End of the day, if you're splashing £2k+ on a guitar from any manufacturer, best to be picky and maybe always ensure you see the actual guitar or have a good returns policy etc..

    .....and what to my wondering eyes should appear.....      nothing.......


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  • ICBMICBM Frets: 31142
    Cabicular said:

    To be fair that’s a small % and by the nature of your trade won’t you see more duff ones than average?
    Yes, certainly true - but I'm not the only one who has come across plenty.

    There does seem to be some evidence that things have improved in the last couple of years or so though.
    "Take these three items, some WD-40, a vise grip, and a roll of duct tape. Any man worth his salt can fix almost any problem with this stuff alone."
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  • teradaterada Frets: 508
    edited July 11
    Wow. I had hoped to add a bit of positivity 

    My point is that a lot of what people attribute to poor QC are guitars that don’t resonate with a particular player, or are too dark sounding, or too light sounding, or have variances in burst/woods that make them more or less desirable to different players. 

    From my (recent) experience, these were simply down to unit to unit variance on hand made items. None better or worse, but all slightly different. 

    I noticed no greater deviation between models than with other brands that people often describe as having very tight tolerances unit to unit. 

    Please note that this is from first hand experience of travelling across the country to actually play them, and I’d say a sample of 25 is pretty sizeable for a 100% success rate. 

    You hear all the time that to buy a Gibson you need to play a bunch first. I think this makes sense, but not because a high proportion are faulty and still on shop floors, but just because each instrument is unique. 

    It was was the same when buying my partners cello for example. 



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  • BoromedicBoromedic Frets: 748
    @terada I agree completely with you, and the same rules would apply to other high end, more hands on guitars such as Custom Shops and Suhrs as an example. You often hear of people trying said guitars and not bonding with a particular guitar they tried.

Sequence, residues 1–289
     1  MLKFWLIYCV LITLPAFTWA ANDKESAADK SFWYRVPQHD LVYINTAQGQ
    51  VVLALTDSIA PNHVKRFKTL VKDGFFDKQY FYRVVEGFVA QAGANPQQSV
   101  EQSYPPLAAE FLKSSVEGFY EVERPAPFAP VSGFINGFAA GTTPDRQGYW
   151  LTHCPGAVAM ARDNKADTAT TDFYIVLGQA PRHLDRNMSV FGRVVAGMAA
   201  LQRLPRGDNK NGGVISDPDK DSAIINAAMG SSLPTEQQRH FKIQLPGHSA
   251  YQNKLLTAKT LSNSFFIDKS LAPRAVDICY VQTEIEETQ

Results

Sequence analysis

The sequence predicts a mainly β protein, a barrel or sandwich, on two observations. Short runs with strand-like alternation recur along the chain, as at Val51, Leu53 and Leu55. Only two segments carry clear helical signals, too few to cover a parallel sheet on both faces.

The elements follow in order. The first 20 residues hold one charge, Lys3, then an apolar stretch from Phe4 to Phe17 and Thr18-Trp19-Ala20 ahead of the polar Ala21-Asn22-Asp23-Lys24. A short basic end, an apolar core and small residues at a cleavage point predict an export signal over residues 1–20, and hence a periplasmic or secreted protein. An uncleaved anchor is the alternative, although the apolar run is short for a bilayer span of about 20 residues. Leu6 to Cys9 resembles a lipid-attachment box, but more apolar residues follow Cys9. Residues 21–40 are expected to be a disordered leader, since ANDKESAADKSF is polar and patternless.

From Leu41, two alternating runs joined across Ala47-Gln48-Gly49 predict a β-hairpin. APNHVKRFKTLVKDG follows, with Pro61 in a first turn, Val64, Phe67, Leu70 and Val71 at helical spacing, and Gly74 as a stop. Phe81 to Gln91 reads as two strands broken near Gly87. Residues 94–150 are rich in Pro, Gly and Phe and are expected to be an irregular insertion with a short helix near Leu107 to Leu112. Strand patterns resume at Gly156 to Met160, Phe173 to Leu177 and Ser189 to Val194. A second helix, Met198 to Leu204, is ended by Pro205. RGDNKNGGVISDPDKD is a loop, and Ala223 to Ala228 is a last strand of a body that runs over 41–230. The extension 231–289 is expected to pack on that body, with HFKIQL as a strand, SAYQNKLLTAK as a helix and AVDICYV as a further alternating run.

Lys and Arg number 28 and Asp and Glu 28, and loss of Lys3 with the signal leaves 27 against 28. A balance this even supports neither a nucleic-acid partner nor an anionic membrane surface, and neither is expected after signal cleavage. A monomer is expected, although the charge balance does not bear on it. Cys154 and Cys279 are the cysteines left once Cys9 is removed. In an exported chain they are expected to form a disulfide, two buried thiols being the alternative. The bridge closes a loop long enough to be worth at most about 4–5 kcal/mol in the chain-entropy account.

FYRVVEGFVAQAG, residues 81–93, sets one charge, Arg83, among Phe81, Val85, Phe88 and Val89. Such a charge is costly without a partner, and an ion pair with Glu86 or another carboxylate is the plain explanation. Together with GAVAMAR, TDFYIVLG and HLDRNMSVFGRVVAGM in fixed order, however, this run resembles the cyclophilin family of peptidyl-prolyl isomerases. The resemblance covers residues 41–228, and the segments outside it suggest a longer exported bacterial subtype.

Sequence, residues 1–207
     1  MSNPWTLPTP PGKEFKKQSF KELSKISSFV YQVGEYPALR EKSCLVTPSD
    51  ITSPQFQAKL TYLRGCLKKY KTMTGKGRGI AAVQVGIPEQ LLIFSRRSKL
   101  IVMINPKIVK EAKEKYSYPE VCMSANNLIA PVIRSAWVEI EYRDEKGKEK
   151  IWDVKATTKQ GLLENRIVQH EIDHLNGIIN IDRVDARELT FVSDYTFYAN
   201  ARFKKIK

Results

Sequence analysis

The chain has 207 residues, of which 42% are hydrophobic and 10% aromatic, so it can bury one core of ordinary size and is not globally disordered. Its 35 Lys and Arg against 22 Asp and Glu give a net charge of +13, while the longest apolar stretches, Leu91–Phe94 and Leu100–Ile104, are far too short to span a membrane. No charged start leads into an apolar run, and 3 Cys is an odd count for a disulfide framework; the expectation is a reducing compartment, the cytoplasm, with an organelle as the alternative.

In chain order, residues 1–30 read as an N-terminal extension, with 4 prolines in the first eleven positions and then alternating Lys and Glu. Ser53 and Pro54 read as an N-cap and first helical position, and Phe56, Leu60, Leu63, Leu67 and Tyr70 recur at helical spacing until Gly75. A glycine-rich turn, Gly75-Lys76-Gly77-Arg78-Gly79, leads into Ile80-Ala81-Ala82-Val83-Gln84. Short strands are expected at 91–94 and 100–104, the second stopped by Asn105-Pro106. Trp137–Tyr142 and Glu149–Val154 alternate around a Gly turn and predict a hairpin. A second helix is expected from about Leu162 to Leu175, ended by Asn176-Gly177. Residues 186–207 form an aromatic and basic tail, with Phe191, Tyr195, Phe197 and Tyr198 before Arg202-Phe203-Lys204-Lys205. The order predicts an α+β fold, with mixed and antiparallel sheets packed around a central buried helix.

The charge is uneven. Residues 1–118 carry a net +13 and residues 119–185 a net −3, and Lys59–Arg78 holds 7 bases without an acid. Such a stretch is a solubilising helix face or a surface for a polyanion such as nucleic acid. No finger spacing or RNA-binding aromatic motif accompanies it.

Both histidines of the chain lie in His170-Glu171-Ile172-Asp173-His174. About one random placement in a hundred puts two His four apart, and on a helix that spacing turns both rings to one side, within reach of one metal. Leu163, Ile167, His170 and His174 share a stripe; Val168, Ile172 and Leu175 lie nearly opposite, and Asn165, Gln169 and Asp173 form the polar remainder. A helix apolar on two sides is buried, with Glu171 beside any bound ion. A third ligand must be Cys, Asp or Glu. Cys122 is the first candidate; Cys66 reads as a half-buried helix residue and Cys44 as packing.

.....and what to my wondering eyes should appear.....      nothing.......


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  • TA22GTTA22GT Frets: 225
    I'm not so sure it's not bonding with a particular guitar when you try it but more about seeing obvious flaws which may or may not have any effect on whether you bond with the guitar.
     
    Some people do make mountains out of molehills with some very minor finish blips but also I have seen some horrors but with any brand too.
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  • thegummythegummy Frets: 681
    My experience is firstly hearing the reputation then buying a Gibson and finding the stories to be true. See my previous thread: http://www.thefretboard.co.uk/discussion/127737/what-is-this-score-mark

    That's definitely not personnel preference, that's a case where if that is still seen as acceptable at the qc check, I dread to think what would be rejected.

    It could be that Gibson just put out anything for their budget models and are pickier when the price goes up to thousands. But their "budget" model is 900 quid. A guitar at that price from a brand known for tight qc would never have that kind of flaw.

    I'm annoyed at myself for buying it because I did notice the problem at the second fret but at the time I was determined that "only a Gibson would do" and it was the only one I could afford so took it. By the time I noticed the score mark I had already changed the pickups so couldn't return it (I had been bought the new pickups as a present before the guitar so was always going to change them immediately.